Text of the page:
I Don't Want to Sleep Alone (2007)
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Critic Reviews for I Don't Want to Sleep Alone
The hormones here don't rage so much as unfurl over two exquisite hours.
For Tsai's fans, Sleep offers many pleasures, including a heightened attention to nocturnal beauty and a gorgeous, uncharacteristic surrealism.
I Don't Want to Sleep Alone is a title to keep in mind while absorbing this allusive, humid mood piece.
The film ends so beautifully that it's easy to forgive the dead passages that preceded it and hope it carries over into his next movie.
A serious return to creative form and a renewal of focus; there's a sense that every perfectly timed slow take and studied composition serves a purpose. And not a single melon gets shtupped.
I Don't Want to Sleep Alone is emotional in what it says about the need for connections, religious in what it asks about the universe.
Audience Reviews for I Don't Want to Sleep Alone
A poignant film of stunning, Tarkovskian beauty, but Tsai seems a bit too interested in playing with the structure of his works now, given how after a strong first hour it seems to drift away without direction only to finally make up for its flaws with a heartfelt, beautiful ending.
This was my first Tsai Ming-liang, which is probably why it took my awhile to get use to his style. The slow pace and minimal dialogue does make it very hypnotic.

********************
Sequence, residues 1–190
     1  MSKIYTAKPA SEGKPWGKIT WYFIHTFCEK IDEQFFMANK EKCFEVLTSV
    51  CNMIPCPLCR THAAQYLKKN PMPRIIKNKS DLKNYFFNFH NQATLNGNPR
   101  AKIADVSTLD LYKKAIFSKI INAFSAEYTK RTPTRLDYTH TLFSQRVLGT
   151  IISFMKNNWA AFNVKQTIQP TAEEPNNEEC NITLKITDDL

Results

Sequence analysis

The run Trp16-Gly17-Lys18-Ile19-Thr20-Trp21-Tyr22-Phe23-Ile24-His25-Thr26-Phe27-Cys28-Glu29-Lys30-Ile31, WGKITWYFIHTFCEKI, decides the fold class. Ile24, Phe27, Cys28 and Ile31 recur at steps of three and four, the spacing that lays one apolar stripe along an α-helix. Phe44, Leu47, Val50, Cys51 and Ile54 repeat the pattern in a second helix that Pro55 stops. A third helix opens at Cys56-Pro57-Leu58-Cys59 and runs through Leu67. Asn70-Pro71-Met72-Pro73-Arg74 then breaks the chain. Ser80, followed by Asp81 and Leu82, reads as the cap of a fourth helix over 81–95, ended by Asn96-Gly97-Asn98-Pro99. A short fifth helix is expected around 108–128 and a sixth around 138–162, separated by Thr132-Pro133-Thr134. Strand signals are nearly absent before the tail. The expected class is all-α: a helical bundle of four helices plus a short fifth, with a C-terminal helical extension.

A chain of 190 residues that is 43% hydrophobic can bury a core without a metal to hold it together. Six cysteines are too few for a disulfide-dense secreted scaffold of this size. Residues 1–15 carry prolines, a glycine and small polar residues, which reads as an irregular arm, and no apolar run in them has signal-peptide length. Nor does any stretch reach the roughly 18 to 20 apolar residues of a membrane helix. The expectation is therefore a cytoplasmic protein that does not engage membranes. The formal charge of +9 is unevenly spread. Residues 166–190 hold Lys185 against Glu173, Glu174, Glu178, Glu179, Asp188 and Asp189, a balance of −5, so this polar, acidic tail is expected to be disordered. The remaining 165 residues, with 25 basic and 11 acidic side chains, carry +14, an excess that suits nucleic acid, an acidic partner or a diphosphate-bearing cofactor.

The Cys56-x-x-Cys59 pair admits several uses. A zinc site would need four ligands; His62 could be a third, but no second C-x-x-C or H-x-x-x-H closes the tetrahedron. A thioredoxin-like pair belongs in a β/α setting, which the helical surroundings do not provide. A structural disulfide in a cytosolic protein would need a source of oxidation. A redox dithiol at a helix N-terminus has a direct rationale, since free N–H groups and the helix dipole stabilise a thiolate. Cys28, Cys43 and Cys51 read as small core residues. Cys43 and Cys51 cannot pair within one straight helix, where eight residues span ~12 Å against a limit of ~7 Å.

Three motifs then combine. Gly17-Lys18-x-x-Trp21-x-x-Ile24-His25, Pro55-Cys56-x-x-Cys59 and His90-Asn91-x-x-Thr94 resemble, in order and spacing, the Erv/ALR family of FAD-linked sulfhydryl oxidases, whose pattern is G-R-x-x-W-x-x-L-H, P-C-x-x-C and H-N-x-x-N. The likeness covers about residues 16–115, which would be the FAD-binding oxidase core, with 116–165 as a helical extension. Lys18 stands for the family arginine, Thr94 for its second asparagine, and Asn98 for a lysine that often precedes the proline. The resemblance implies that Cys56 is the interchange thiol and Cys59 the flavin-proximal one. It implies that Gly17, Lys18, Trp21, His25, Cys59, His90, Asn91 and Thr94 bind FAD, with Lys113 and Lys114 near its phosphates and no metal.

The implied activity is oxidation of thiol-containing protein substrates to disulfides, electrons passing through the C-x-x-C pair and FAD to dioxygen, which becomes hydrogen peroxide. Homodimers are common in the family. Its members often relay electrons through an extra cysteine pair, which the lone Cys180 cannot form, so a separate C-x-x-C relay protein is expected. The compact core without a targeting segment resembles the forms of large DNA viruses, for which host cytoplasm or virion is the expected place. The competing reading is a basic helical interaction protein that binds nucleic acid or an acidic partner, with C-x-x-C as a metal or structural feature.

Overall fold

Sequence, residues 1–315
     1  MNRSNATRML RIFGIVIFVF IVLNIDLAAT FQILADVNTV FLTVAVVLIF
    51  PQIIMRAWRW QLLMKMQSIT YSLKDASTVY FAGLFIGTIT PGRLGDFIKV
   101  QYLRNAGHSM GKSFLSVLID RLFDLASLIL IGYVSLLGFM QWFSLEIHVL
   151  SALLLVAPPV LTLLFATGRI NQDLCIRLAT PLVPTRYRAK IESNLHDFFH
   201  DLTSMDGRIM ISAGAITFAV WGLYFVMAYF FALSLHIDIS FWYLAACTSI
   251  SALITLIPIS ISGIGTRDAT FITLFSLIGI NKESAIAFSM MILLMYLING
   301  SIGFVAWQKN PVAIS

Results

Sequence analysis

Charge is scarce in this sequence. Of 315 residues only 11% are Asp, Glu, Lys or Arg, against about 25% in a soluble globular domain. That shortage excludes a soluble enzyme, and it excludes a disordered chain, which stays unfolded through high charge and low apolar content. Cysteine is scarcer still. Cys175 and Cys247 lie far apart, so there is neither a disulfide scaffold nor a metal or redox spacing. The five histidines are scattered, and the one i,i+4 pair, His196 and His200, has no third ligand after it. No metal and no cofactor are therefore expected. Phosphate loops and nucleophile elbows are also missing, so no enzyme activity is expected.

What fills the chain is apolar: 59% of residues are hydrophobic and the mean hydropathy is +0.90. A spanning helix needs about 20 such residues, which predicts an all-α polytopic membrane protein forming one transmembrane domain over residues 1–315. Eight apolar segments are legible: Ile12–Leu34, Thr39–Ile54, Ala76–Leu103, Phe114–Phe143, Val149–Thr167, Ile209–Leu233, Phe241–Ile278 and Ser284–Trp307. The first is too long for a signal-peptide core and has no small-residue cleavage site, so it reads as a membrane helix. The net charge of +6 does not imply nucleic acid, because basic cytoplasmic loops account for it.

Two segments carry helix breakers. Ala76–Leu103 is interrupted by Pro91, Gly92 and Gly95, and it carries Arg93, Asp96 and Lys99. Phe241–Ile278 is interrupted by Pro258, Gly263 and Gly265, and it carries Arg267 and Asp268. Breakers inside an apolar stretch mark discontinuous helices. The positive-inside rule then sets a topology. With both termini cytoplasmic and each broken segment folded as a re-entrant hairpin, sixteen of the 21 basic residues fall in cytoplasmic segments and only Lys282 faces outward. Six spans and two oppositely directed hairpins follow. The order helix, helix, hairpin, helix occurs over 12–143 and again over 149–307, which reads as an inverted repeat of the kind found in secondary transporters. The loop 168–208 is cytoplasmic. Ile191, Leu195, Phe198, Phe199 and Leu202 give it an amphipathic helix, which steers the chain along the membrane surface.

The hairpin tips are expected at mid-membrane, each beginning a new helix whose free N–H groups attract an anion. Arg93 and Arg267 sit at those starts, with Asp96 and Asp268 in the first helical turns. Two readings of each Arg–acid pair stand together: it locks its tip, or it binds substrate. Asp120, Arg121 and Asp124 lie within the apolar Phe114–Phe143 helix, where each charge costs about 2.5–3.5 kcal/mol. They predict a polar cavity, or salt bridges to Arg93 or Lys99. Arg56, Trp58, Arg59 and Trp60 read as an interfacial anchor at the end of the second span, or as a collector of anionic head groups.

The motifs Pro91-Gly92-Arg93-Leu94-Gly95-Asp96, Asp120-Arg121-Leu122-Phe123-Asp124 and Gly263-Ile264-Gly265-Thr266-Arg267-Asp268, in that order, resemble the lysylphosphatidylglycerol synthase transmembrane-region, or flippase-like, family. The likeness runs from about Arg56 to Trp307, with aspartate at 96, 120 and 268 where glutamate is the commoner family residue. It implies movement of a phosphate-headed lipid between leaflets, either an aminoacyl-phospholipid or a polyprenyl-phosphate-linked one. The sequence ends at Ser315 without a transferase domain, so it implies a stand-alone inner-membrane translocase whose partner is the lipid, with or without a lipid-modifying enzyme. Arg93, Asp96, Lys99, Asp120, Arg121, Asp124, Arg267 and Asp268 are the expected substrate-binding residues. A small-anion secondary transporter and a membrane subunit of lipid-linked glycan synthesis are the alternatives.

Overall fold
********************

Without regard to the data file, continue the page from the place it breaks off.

[size=3]I Don't Want to Sleep Alone, the first Malaysian film I've ever seen, is breathtakingly original in its minimalist filmmaking technique. There's barely any dialogue at all.[/size] [img]http://www.indiewire.com/ots/I%20Don't%20Want%20to%20Sleep%20Alone%20b.jpg[/img] [size=3]While the first half of the film is captivating, the second half reduced me to yawning and looking at my watch. Cool styles and techniques aren't enough to make a movie. You need 90 minutes of consistently interesting storyline. This film has about 45.[/size] [size=3]The filmmaker, [b]Tsai Ming-Liang[/b], appears to be something of a celebrity, but this is the first I'm hearing of him.[/size] [img]http://www.fantomfilm.cz/pic/4/tsai1.jpg[/img] [size=3]The film is set in a big Asian city with a lot of recent development. Everywhere new buildings are being constructed, especially gigantic office buildings. There is also a lot of decrepitude. Every dwelling we see is crumbling. [/size][size=3]The marketing material for the film says it is set in Kuala Lumpur, the capital of Malaysia. But this was not clear to me while watching it.[/size] [size=3]The environment is filled with people who appear to be from different nationalities, although this is never spoken of explicitly. The central storyline surrounds a man who is beaten badly and then found by another man. The injured man is carried to a communal home, where something like 20 young men live together, each with his own sleeping space covered with mosquito netting. There is no furniture to speak of, just mats on floors.[/size] [size=3]The rescuer cares for the injured man in a way that is uncommonly tender. There are long scenes where the rescuer helps the injured man urinate and then gives him a sponge bath. This is amazing filmmaking. Tsai films in very long takes without any editing or camera movement. The sponge bath scene lasts about five minutes, yet I found it gripping. Watching someone care for another person like that almost brought tears to my eyes. [/size] [size=3]For it to be two men was oddly jarring. When have you seen a man in a film tenderly wash another man from head to toe? Such a banal thing, yet so infused with mysterious radiance by being seen for the first time. Also jarring is the fact that no one speaks. The movements that people make are heightened in meaning because of the lack of dialogue. Rather than hearing the rescuer say tender things, we watch him be tender, really putting himself out for the benefit of this stranger.[/size] [size=3]As the injured man gets better, he starts to stray. He has sexual trysts with a couple women (also with no dialogue spoken), and eventually he steals the rescuer's mattress so that he can sleep with one of the girls. This leads to an emotional confrontation between the men that is powerful despite being wordless. That confrontation is the first moment where it becomes clear that something like romantic feeling has built up between the two men.[/size] [size=3]I've read that the actor playing the injured man is something of a muse for the filmmaker. But I found the actor playing the rescuer much more compelling. I researched the actor's name: [b]Norman Atun[/b].[/size] [size=3]The weakness in the film is that after the uncommon bond between the two men is built, there's not much else that happens. We learn something about the women. One works in a sort of in-home hospice for patients who are on their death beds. But nothing in the women's lives is very interesting beyond that.[/size] [size=3]I would have liked to learn more about all of these characters. I loved being introduced to them, but the filmmaker didn't have much to say about them after the basic introduction. [/size][size=3]I Don't Want to Sleep Alone is a classic example of a film with a great first act, but a dead Act 2.[/size] [size=3]Tsai has a lot of similarity with another Asian auteur I've explored recently, Apichatpong Weerasethakul. Both are masters of visual poetry and mise-en-scene and both are quiet in style. But when it comes to visual beauty and overall skill as a filmmaker, I'd say that AW is the better one and the one that will be remembered more.[/size]
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